Now I'm not an expert on lobster boat design, but I know there are any number of variations on the theme (Novi boats vs down east, etc.) But lumping them all together gives the New Englanders a distinct advantage in mindshare. Everyone knows what a lobster boat looks like even if they can't tell you anything about lobstering, or boats for that matter. This is East vs. West and we are far behind. I haven't crunched the numbers but I'll bet you anything that there are fifty articles in WB about lobster boats for one about trollers. Hearts and Minds people!

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    Default Re: Restoration of BC Salmon Troller "Petrel"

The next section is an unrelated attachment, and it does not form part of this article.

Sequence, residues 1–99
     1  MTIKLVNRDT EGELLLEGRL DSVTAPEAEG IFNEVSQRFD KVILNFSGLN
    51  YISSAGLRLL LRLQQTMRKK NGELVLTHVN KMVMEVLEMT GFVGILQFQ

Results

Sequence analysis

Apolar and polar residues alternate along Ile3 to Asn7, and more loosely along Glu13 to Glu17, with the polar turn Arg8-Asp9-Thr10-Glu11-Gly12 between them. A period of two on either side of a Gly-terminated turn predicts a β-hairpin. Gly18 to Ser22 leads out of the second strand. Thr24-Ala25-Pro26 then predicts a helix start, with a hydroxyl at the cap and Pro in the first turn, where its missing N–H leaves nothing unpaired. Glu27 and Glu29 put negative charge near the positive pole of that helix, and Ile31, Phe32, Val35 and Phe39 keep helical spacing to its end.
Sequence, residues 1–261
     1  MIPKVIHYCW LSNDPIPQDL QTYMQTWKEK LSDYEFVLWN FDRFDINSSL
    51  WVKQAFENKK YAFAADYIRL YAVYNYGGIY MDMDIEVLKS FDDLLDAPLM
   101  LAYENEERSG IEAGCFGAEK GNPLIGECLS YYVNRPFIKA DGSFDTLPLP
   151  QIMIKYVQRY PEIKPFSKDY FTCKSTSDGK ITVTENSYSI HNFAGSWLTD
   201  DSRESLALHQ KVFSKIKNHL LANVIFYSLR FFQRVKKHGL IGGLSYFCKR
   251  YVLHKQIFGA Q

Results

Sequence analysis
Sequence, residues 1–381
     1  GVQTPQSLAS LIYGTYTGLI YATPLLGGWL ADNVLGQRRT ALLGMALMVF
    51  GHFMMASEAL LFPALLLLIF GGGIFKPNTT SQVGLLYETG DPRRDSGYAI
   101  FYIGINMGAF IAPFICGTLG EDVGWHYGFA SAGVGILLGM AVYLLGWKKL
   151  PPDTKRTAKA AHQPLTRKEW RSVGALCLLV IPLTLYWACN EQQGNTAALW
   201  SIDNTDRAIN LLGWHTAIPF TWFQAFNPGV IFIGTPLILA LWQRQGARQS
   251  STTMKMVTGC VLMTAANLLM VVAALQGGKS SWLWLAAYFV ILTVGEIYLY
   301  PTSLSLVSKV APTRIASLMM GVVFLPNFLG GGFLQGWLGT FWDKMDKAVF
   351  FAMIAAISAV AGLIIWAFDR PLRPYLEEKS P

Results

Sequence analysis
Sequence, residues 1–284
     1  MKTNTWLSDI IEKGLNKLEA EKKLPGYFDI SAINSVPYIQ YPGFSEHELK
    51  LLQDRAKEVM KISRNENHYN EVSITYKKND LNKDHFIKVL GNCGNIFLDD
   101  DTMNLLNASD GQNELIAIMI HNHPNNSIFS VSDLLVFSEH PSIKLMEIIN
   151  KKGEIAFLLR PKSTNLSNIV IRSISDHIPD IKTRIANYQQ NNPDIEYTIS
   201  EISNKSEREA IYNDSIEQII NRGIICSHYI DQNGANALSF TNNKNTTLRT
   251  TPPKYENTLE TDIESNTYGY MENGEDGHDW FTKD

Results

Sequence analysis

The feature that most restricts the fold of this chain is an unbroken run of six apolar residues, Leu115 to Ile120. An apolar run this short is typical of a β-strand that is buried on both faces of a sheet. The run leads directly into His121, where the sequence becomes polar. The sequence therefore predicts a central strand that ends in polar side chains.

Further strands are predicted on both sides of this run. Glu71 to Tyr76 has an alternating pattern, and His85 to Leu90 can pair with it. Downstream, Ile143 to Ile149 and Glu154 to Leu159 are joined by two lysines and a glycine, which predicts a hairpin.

P.S. re: 1954 as late for a double ender. I'd think so but I'll defer to Tad on any question of history here. He's the expert.

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    Default Re: Restoration of BC Salmon Troller "Petrel"

    Cheers Rob! I see from your posts that you share my appreciation for Tad's little double ended cruisers and others of that type. My own aesthetic was formed early on by an encounter with the ex-B.C. Forestry Service boat "Wells Gray" as we were moored ahead of her in Princess Louisa Inlet for a few days back in 1982 or so.



    Through the years I have been tempted astray by other boats; a Monk Bridgedeck, a 48' Huckins Offshore (that one is a sad story I'll tell some other time), and most recently a 30' Chris Craft Constellation, but I've always dreamed of finding a little double ender to restore and cruise. Petrel is no Wells Gray but she suits me just fine.

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    Default Re: Restoration of BC Salmon Troller "Petrel"